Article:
A general strike in Hungary? Doubtful

István Gaskó likes big numbers but usually ends up red faced. Except Gaskó never admits defeat. Rather he says at every opportunity that his latest failure was in fact a great victory. People just didn't notice it. They didn't grasp its full significance.

Gaskó is president of an umbrella organization called Liga that includes several smaller trade unions, among them the Vasúti Dolgozók Szabad Szakszervezete (Free Trade Union of Railway Workers) also headed by Gaskó. He normally is joined by Gábor Kerpen who heads a small union representing teachers. (There is another larger, more normal union for teachers.) Kerpen by the way looks like a homeless man who hasn't had a bath for months. Gaskó on the other hand is quite well groomed and apparently draws a very handsome salary. Not from the relatively poorly paid MÁV workers but from MÁV itself. I find the whole arrangement incredible. A company paying the salary of the leader of its trade union? Moreover, Gaskó is a member of the board of directors and the information he picks up in that body he uses to his own advantage. It boggles the mind!

Gaskó announced a few weeks ago that he is organizing a general strike. The original date was supposed to be a week ago but then he magnanimously announced that he was postponing it. Teachers and parents begged him to change the date because all over Hungary that weekend was "ballagás," a part of high school graduation ceremonies. Ballagás means "ambling"; the students say farewell to their schools by going from classroom to classroom. I very much doubt that Gaskó decided to postpone the general strike because he felt pity for the "ambling students." By holding the strike a week later, tomorrow, he picked a date much worse from the students' point of view. Thirty thousand students are writing their German language exam. The results of these matriculation examinations may determine the students' future. I suspect that Gaskó didn't manage to get the necessary support for that famous general strike. He needed a little more time.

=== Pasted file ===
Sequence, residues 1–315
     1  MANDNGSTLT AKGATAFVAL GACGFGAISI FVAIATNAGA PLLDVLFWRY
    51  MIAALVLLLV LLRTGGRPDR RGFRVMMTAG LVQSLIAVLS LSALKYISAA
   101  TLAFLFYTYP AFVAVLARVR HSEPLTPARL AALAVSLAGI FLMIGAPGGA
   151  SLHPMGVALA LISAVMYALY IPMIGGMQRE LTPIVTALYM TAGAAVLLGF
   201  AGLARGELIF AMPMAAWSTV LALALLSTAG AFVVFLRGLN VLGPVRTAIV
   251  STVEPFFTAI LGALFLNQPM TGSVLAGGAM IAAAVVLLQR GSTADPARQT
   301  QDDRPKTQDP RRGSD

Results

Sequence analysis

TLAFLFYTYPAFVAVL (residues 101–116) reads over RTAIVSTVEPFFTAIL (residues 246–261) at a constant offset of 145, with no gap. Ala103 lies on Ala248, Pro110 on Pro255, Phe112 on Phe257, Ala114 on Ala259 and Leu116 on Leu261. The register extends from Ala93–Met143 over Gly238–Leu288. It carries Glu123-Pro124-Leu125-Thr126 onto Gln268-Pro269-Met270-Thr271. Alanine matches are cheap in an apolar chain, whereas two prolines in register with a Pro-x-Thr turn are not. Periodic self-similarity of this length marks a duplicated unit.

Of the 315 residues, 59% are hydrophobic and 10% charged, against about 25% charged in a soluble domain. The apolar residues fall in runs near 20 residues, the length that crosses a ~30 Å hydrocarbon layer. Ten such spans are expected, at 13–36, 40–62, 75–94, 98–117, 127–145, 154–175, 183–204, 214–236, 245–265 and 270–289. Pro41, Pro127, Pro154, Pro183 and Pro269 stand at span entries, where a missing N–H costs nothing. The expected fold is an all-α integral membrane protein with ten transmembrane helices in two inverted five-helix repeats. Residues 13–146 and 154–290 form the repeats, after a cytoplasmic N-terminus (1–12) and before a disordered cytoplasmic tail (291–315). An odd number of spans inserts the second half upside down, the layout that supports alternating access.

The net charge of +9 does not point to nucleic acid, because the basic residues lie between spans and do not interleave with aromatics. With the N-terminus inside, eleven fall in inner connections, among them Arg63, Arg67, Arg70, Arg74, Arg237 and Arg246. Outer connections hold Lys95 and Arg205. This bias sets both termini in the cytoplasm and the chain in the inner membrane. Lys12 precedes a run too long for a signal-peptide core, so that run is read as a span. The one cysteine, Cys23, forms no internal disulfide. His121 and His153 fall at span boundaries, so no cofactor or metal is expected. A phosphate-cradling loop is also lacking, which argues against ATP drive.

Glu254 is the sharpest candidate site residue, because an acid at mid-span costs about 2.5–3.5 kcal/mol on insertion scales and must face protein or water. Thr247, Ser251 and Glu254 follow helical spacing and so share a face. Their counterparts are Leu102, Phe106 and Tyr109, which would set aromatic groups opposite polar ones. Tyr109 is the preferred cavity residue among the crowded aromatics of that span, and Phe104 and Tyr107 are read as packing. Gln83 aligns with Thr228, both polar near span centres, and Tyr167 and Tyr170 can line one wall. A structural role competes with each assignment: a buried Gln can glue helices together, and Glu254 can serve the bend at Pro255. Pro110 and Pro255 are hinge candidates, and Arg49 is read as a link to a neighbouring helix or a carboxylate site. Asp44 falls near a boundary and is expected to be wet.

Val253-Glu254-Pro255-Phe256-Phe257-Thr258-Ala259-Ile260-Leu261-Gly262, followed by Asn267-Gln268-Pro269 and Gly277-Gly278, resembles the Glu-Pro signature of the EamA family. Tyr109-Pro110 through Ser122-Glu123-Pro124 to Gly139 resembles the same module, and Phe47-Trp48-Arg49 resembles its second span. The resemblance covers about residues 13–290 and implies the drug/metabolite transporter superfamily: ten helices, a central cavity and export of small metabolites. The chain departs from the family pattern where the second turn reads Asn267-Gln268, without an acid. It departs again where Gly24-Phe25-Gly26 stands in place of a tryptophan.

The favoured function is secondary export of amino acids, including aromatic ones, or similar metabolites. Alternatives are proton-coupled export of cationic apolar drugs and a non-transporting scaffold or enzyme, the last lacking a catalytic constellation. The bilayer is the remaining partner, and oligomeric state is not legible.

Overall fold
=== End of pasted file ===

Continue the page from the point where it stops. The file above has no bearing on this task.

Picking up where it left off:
Although he had an extra week a huge general strike doesn't seem to be materializing. One union after the other voted not to join Gaskó's call for a strike. Gaskó boldly talked about a strike with three million workers! Altogether in Hungary only about 3.5 million people are active wage earners and the number of trade union members is shrinking. In 1999 there were 745,888 organized workers but by 2007 only 496,000. Today their number is even smaller. Gaskó claims that his umbrella organization has 100,500 members and another smaller trade union that apparently will join Gaskó has a few thousand members. Népszabadság, by the way, has a chart that shows that the least organized work forces can be found in France (less than 10%), Spain (16%), Poland (17%) and Hungary (18.1%). Denmark on the other hand leads the European list: 80% of workers belong to unions.